Wondrous Nature

June 9, 2020

The most amazing thing I’ve seen is a celestial thing, the Northern Lights. A friend of mine has a summer home right north of Michigan, Sioux Ste Marie, Michigan, in Canada. In the 80s and I guess early 90s, he would bring a group of us up there with him every year, usually about 10 people. The main thing we would do is cook together, you know, eat these nice meals together. The house was on the North Channel, which is, I forget which of the two great lakes it’s the connection between. So it’s a lake with mild waves. When we go up in July and August, it was generally warm enough for swimming and even though I’m not normally a late night person, early on when I was there, I realized that usually after 11pm or midnight is when you would see the Northern Lights and I would just lie out on, basically the lawn in front of the house that went right down to the lake, and I would lie out there for hours. And the first couple of times I would run into the house yelling at everybody, “Come out, you have to see this! You have to see it!” I was shocked that it was not something that most people really cared about. I mean, how could you not get amazed by these purple and green and pink and whatever curtains just covering the sky.

I actually have reconnected with that friend recently, we lost touch when he moved out of New York. So I’m hoping I’ll get another invitation to go out there. I was trying to convince him not to cancel his plans to go out there this summer, given you know that basically one can easily practice social distancing. And there is nothing to do in town, so it’s not like we did anything in town, we were just there, just lying there watching the Northern Lights. This sky phenomenon. You can sit there, I could sit there for hours. I’ve never seen it since then. I’m not sure if I ever saw the Milky Way. I mean, I’ve seen, large expanses of sky with lots of stars, but I don’t know when it becomes enough to qualify. Certainly, I’ve needed to be outside of New York. I used to do a lot of camping and even being two or three hours outside of New York, you do see a sky that you don’t see in New York City.

In my 20s I accidentally hitchhiked cross the country. It wasn’t the plan. I went to visit this friend, the same friend’s mother in Chicago and was planning on taking a bus from there to get out west. This is long before the internet, so there was a physical ride board in her local community and she found me a ride going to Salt Lake City, I don’t know, somewhere about 1000, 1500 miles west. So I was like, “Okay.” I took a ride with this man. I am Jewish, and there was something, I don’t recall what, but very heated going on in the Israel-Palestinian area, and quickly we discovered that I was Jewish and he was Palestinian. I think we just each on our own decided not to discuss it while we were strangers driving this car together.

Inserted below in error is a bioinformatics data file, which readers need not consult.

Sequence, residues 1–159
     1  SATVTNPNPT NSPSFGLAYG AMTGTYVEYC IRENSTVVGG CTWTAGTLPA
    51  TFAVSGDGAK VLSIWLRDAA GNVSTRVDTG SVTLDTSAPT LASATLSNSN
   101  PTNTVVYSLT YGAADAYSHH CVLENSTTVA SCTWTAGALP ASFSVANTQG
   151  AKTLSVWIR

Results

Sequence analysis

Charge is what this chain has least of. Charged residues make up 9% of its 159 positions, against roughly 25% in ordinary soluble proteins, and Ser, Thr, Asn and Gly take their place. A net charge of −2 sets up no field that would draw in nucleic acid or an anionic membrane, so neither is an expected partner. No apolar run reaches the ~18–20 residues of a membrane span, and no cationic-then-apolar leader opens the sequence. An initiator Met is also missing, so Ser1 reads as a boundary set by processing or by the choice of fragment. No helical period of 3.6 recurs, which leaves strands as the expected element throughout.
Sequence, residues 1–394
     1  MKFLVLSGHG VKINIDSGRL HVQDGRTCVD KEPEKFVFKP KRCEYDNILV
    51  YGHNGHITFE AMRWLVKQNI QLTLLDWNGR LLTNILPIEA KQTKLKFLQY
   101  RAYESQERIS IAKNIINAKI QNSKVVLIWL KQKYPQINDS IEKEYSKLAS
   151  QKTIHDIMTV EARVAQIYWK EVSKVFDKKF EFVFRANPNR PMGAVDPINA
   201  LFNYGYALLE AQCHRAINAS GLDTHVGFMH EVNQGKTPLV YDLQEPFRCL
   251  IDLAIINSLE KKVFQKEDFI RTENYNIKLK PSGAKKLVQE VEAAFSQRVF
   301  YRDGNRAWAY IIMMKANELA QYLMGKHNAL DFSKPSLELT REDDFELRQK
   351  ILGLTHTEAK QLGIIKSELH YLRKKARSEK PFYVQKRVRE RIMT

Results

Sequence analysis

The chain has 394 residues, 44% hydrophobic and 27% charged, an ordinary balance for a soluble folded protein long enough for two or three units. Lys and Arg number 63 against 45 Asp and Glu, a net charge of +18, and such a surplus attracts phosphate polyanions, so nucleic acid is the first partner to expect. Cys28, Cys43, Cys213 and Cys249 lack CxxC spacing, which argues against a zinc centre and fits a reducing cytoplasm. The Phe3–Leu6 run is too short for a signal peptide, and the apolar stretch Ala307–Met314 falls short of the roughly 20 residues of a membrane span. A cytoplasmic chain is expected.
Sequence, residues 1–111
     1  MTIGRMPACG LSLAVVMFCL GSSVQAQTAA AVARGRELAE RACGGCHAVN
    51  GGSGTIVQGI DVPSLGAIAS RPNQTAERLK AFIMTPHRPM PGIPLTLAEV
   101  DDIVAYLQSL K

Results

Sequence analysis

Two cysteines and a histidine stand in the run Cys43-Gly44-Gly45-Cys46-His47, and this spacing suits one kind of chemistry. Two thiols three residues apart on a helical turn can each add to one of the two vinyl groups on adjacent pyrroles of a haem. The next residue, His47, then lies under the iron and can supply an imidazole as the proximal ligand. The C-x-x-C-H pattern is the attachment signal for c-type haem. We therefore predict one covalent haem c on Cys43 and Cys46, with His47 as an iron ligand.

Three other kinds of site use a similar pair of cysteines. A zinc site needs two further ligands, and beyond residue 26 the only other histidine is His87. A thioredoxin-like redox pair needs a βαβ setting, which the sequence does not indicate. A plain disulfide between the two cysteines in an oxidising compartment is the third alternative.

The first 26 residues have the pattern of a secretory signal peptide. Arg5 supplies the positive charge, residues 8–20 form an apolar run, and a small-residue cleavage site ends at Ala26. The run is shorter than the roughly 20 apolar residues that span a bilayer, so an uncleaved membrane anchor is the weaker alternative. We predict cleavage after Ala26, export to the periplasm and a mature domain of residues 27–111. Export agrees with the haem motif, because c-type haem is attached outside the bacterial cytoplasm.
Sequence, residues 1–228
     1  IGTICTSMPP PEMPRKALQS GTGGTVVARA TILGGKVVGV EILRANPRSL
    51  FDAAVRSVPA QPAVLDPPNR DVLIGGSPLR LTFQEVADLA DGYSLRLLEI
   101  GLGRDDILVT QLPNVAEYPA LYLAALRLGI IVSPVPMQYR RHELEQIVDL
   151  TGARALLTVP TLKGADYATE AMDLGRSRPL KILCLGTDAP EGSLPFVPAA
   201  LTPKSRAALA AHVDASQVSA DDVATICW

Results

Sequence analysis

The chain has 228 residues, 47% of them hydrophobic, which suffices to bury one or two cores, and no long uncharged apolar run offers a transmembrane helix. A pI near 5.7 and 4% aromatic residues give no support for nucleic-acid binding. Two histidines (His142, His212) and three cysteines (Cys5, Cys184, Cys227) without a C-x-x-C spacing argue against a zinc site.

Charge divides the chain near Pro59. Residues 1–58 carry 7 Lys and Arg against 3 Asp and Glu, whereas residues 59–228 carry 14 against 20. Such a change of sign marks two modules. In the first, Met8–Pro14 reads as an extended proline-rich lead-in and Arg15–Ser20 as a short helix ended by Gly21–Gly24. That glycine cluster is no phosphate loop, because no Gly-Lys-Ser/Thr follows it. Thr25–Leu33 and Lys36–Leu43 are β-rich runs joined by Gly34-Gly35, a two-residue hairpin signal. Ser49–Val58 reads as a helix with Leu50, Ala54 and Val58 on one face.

Anyway, when he left me off, I was still a couple of hundred miles from where I needed to go, or wanted to go first. So I said, let me try hitching, and I ended up hitching all the way from outside of Denver, right, up into Canada and back and around, and I had nothing but wonderful rides…until I hit the LA area. And when I had my third ride, maybe not consecutive, but third ride in a couple of days where the drivers were making me uncomfortable. I just said, okay, you know, it’s fine to do it out there, but for whatever reason it’s not here, so I stopped to hitchhiking for that part, but It was a wonderful vacation.

You know, I said, I’m a New Yorker. I mean, I grew up in New York, I was raised in Washington Heights. I mean, obviously, I realize that someone could overpower me, but I also felt I had a good sense of people and I think in all that time, I turned down two rides. I just did the standard, “Oh, you’re going to San Francisco? I’m going to New York. Oh, I’m in the wrong direction. Okay, sorry!” You know, and just didn’t get in the car. This was In the 1980s, but you know, I don’t know if it’s totally different now, I doubt it. Maybe in the past few years things have become very different. I don’t know. Well, I haven’t really hitch hiked since then. I think a lot of people are very naive. And I think I don’t want to get into, you know, blame the rape victim scenarios, but I think it’s really not a very wise thing for a woman to be hitchhiking in short shorts and really skimpy top. I mean, if you’re dressed really provocatively, it might give the wrong message to a total stranger. You know, I did hitchhike when I was a teenager going to summer camp but I was careful, I thought not to mislead people, you know, with my dress. Also, I think if people are even wondering, I think, I don’t know, I guess like convey my New York Street tough. There was one ride where I got out of the car at a gas station and just didn’t go back in, but that was mainly because the driver, who was a apparently recovering alcoholic, had stopped recovery while we were in the car! He just kept stopping and getting alcohol and drinking it. And I just said, you know, “Thanks, I’m going to get out here.”

I spent the night in jail. This was in Utah, it was maybe 10 or 11 o’clock at night and at the gas station, I don’t remember whether I asked a cop or someone directed me, but I said, “Is there somewhere, I have my tent and sleeping bag with me, I just need a place where I can set them up and sleep, you know, and get on the road in the morning.”

And they said, “Well go over to the county building and they’ll give you a sleeper.” Which was basically check yourself into jail overnight. They took my belt. They took everything I had. And then they forgot about me in the morning and I had to like pound on the doors, or somebody hadn’t told a person that they had brought somebody in overnight. So I probably have a person record in Utah. I’m not sure!